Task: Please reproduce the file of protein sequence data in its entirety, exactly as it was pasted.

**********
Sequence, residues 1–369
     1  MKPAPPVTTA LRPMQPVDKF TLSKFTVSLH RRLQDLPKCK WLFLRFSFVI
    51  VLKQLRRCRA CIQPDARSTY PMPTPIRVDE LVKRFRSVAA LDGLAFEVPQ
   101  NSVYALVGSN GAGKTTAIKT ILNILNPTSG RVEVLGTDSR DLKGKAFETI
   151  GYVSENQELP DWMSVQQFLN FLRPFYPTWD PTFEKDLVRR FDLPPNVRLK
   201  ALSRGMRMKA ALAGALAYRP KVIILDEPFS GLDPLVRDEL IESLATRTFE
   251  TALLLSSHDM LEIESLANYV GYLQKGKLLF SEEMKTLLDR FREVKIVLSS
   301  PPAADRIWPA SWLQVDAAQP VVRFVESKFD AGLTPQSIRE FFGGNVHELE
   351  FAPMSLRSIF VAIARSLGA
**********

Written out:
Sequence, residues 1–369
     1  MKPAPPVTTA LRPMQPVDKF TLSKFTVSLH RRLQDLPKCK WLFLRFSFVI
    51  VLKQLRRCRA CIQPDARSTY PMPTPIRVDE LVKRFRSVAA LDGLAFEVPQ
   101  NSVYALVGSN GAGKTTAIKT ILNILNPTSG RVEVLGTDSR DLKGKAFETI
   151  GYVSENQELP DWMSVQQFLN FLRPFYPTWD PTFEKDLVRR FDLPPNVRLK
   201  ALSRGMRMKA ALAGALAYRP KVIILDEPFS GLDPLVRDEL IESLATRTFE
   251  TALLLSSHDM LEIESLANYV GYLQKGKLLF SEEMKTLLDR FREVKIVLSS
   301  PPAADRIWPA SWLQVDAAQP VVRFVESKFD AGLTPQSIRE FFGGNVHELE
   351  FAPMSLRSIF VAIARSLGA